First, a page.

2017-08-10 / News

Great Bat Misconceptions and More to be Revealed at For-Mar

BY TANYA TERRY

810-452-2645 * tterry@mihomepaper.com

BURTON — Bats are creatures of the night that have been made into superheroes and vampires. They are also interesting to people because they are the only mammal that can fly. According to staff at For-Mar Nature Preserve and Arboretum there is much about bats the general public is not aware of.

“Bats also use of echolocation to find their prey,” said Nicole Ferguson, park naturalist at For-Mar. “Echolocation is the use of sound waves bouncing off their prey to locate their food at night. These features are just a few of the amazing features that make bats so intriguing.”

Ferguson said even the vampire bat, found outside of Michigan, does not suck blood.

Tom Esper, who will lead the August 17 Bat Walk at For-Mar from 8:15-9:15 p.m., said he hopes the walk will open people’s eyes to the truth about bats.

“Bats don't get into peoples' hair,” Esper said.

Ferguson said Michigan bats help people because they eat many different types of insects including moths, flies, beetles and mosquitos.

“They can eat as many as 600 to 1,000 mosquito-sized insects per hour,” she said. “That's lots of insects!”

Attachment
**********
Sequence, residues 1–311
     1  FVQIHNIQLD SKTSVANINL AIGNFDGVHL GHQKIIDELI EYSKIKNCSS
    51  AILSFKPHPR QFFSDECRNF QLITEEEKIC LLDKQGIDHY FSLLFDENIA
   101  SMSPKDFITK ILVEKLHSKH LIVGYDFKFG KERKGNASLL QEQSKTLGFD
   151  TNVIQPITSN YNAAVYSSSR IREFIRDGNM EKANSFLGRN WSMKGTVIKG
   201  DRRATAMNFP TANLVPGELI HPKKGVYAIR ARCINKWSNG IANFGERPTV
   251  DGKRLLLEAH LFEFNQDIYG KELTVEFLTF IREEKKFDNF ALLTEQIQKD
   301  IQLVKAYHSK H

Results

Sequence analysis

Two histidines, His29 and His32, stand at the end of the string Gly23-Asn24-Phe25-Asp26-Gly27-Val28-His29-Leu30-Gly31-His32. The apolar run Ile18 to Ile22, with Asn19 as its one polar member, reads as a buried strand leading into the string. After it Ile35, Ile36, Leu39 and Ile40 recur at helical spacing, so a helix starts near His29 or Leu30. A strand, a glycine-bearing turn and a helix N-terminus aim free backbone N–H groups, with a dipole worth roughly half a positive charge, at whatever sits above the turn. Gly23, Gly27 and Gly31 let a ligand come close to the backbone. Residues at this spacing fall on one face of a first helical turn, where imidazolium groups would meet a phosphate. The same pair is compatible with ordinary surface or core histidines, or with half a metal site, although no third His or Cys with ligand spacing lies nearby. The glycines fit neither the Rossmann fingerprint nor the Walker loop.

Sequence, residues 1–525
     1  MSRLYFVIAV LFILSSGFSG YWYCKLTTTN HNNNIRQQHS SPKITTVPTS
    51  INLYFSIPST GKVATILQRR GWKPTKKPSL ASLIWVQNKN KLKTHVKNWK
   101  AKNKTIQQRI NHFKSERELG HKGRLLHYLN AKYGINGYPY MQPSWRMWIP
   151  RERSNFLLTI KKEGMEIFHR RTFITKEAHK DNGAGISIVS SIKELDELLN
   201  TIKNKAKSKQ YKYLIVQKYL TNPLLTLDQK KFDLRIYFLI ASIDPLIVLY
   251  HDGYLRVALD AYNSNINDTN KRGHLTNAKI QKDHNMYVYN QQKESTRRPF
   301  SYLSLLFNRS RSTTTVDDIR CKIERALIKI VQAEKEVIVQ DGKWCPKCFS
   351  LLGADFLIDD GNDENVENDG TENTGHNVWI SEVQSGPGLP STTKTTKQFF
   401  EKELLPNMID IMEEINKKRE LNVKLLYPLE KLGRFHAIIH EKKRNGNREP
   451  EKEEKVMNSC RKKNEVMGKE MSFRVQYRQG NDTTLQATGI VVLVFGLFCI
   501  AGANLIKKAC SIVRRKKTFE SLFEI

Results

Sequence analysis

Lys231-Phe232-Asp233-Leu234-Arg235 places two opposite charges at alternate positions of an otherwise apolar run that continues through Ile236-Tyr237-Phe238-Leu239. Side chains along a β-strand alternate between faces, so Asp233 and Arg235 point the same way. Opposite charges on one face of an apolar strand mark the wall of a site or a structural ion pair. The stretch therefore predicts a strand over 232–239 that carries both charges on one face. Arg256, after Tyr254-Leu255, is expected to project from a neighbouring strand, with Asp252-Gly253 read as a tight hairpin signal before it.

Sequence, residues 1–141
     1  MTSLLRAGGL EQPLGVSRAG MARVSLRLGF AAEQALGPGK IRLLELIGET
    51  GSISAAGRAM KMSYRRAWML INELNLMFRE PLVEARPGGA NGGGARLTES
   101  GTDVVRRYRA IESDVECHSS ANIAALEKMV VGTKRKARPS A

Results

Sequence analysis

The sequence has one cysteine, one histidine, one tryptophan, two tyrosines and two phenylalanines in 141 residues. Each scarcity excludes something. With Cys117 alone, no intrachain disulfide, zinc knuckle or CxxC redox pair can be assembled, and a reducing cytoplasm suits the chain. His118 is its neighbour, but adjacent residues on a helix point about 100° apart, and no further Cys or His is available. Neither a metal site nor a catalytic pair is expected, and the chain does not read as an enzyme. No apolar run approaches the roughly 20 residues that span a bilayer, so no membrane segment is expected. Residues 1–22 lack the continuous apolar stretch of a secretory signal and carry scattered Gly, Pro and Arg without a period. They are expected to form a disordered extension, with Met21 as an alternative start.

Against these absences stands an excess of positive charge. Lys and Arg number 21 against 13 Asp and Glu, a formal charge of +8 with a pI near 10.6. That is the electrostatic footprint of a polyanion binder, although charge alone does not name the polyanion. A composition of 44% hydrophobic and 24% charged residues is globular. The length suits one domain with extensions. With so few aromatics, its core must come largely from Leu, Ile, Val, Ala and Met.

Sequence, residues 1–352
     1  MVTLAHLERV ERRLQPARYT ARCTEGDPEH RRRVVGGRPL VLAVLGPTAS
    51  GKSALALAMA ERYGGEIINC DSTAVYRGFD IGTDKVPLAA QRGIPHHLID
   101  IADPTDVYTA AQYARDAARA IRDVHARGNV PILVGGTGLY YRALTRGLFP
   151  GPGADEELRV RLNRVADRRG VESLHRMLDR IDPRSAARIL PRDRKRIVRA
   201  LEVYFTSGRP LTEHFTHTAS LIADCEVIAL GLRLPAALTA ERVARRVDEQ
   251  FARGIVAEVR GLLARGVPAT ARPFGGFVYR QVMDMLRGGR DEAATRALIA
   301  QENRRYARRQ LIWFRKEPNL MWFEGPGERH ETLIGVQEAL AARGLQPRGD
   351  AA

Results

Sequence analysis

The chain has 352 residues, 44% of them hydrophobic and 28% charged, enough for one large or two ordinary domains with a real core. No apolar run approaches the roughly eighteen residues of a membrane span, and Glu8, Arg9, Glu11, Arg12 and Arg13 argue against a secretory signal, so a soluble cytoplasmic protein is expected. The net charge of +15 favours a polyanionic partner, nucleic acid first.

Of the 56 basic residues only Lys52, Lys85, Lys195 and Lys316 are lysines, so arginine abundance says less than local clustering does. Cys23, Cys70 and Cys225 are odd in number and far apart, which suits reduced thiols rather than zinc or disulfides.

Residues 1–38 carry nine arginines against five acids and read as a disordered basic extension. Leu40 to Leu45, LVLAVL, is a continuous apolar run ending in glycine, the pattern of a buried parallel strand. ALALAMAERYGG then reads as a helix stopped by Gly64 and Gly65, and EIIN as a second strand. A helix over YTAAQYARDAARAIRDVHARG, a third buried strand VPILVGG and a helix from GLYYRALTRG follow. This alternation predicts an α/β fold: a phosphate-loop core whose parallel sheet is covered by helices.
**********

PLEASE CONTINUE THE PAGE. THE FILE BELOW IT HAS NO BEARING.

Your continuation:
According to Ferguson, there are several different calls bats use.

“We use a bat detector to hear them because the calls they make are not able to be heard by humans,” she said.

Bats often roost in the trees or open cavities during the day and come out at night to feed.

For-Mar is a suitable place for bats because it has both forested and grassland habitats.  There are also several water sources that are needed for the bats and are great breeding grounds for the insects they eat. 

In fact, Esper said there is an 100 percent chance people will see bats during the Bat Walk.

Because of the myths, people have a fear of bats and rabies.

Esper said people should be not afraid at all, however.

“Bats don't want anything to do with people,” he said.

The largest threat to the bat populations is white nose syndrome. This is a deadly disease affecting bats primarily during hibernation.

Esper said great horned owls, raccoons, and snakes are also threats.

Esper is a high school science teacher, naturalist and avid birder.  He also leads the Citizen Science programs at For-Mar centered around butterflies and bats.  He will lead five bat walks in different Genesee County Parks this summer.

Bat walks are held at For-Mar monthly during June, July and August.

For-Mar is a great place to go for a walk at night with an environmental educator,” Esper said. “Dispelling myths of bats is one of the goals of the Bat Walk.”

“This is a great opportunity to learn about bats and get to enjoy being outdoors at night and learning about nature,” Ferguson said. “Also, the more we learn about bats and the outdoor world, the more we will take care of it.” 

There is no cost to participate in the Bat Walk, and preregistration is not required.

 

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